In my client’s case, for instance, she stood accused of gunner-hood, but felt the charge was unjust. Even if I weren’t on her payroll, I’d be inclined to argue she has a point. Judge for yourself:

(more…)

Read Full Post »

9987116d453904225ab5b80d3b4da749Isolation is a popular topic with my lawyer clients. There are so many varieties of biglaw loneliness I hardly know where to start explicating the phenomenon. One client summed up his particular variant:

“They stuck me on a matter that had gotten lost in the shuffle – some rainmaker too busy bringing in business neglected it, so we lost a critical preliminary motion. After that, everyone knew the case was hopeless, and since I was low man on the totem pole, it became mine. Now everything that’s already gone wrong is officially my fault, and no one’s around to help – as in, if you ask for ideas, you hear crickets. I sit in my office, staring at documents, unable to motivate. A calendar on my wall at home has hundreds of tiny boxes I check off each day until November 12th, 2018. That’s when I pay off my last loan – my final day in law.”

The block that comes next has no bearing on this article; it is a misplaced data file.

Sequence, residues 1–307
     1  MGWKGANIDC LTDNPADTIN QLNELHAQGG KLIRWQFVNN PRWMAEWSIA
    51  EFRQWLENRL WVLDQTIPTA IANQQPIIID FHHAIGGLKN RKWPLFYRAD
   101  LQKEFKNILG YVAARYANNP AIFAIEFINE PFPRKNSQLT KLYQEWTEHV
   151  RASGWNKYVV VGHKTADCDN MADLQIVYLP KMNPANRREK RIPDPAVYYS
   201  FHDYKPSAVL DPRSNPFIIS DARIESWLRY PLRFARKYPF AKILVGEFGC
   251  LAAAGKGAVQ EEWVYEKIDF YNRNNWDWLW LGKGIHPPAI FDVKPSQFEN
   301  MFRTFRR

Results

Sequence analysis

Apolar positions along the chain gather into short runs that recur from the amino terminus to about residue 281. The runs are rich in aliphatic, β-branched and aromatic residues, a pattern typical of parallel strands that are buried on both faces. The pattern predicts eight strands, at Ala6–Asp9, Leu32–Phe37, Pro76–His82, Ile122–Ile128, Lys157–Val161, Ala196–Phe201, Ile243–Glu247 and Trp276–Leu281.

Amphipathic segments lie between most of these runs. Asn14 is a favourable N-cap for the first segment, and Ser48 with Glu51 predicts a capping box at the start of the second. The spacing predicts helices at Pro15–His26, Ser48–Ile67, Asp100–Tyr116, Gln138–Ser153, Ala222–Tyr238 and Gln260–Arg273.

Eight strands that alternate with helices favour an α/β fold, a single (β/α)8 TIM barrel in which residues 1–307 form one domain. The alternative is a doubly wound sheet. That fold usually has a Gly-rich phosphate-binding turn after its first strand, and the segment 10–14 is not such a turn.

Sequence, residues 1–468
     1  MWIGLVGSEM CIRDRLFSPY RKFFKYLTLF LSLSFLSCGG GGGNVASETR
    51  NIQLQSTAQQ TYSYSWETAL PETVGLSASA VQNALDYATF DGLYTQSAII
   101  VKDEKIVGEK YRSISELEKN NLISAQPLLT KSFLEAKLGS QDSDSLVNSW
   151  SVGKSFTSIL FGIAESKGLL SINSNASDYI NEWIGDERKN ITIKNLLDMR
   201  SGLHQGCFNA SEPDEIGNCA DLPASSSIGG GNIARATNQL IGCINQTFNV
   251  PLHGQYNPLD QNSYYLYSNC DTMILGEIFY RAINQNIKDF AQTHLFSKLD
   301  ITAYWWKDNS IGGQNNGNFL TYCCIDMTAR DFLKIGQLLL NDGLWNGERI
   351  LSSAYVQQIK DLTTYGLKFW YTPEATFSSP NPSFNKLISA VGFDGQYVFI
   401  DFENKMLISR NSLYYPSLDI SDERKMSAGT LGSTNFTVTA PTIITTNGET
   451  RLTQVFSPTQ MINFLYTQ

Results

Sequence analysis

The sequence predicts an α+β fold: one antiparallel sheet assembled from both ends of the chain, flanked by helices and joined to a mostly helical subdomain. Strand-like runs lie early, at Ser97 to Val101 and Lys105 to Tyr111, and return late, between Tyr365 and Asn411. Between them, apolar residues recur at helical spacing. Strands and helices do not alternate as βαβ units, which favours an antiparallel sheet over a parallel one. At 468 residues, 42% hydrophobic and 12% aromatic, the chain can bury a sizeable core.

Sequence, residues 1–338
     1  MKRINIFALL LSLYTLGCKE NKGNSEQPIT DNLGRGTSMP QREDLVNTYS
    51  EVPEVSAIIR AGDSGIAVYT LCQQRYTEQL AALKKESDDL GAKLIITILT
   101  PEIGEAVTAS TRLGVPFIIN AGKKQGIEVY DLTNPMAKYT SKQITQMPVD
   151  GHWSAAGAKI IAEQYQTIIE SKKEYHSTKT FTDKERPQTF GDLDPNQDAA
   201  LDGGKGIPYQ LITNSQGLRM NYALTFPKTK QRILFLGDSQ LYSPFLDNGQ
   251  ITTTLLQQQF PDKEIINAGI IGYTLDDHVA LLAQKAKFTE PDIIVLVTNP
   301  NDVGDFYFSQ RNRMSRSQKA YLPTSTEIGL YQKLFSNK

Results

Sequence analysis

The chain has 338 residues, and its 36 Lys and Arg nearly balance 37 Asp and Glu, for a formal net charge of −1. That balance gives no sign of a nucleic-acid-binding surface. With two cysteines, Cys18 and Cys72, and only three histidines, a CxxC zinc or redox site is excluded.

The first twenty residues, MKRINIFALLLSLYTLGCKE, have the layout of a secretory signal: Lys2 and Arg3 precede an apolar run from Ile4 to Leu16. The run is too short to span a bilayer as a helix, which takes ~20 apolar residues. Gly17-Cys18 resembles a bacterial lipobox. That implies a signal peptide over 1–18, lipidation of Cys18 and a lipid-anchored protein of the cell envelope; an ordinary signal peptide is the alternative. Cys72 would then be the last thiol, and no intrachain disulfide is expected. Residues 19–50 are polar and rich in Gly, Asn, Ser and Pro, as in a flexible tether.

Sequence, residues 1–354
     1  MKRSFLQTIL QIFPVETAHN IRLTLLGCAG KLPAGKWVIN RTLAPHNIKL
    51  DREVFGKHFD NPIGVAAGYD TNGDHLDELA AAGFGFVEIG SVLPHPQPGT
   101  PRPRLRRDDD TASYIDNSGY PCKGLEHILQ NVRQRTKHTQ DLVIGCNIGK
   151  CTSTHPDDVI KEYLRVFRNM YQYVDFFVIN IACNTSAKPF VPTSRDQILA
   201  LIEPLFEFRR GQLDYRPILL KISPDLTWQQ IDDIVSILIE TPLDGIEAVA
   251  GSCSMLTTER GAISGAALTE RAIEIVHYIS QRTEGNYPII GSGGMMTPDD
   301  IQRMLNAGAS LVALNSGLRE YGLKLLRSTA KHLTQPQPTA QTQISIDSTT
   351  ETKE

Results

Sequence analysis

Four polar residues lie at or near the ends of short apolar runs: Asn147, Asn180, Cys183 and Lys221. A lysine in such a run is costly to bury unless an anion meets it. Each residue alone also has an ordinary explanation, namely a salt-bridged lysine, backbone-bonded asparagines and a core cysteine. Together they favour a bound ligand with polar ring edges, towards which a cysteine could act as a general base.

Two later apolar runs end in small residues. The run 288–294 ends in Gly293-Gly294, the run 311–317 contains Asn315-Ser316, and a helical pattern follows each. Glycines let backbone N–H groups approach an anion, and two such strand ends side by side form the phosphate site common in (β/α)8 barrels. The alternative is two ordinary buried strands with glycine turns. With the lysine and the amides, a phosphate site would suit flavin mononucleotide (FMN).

To add to the festive ambience, this guy’s firm is in the midst of endless renovations, which they’re taking in stages, floor by floor. Some floors are left mostly-renovated, others barely-renovated, and the stragglers still untouched. My client was assigned to a half-renovated half-floor, nearly empty except for some staff attorneys who toil down the hall in an un-renovated former conference room.

It’s creepy. And according to firm gossip, theirs is one of those “sick buildings” where the ductwork is clogged with black mold or toxic dust or something insalubrious, especially on the as-yet-not-renovated floors. Those could be unfounded rumors. Or not. He hunches beneath fluorescent lights and stained acoustic ceiling panels, trying to breath through his nose.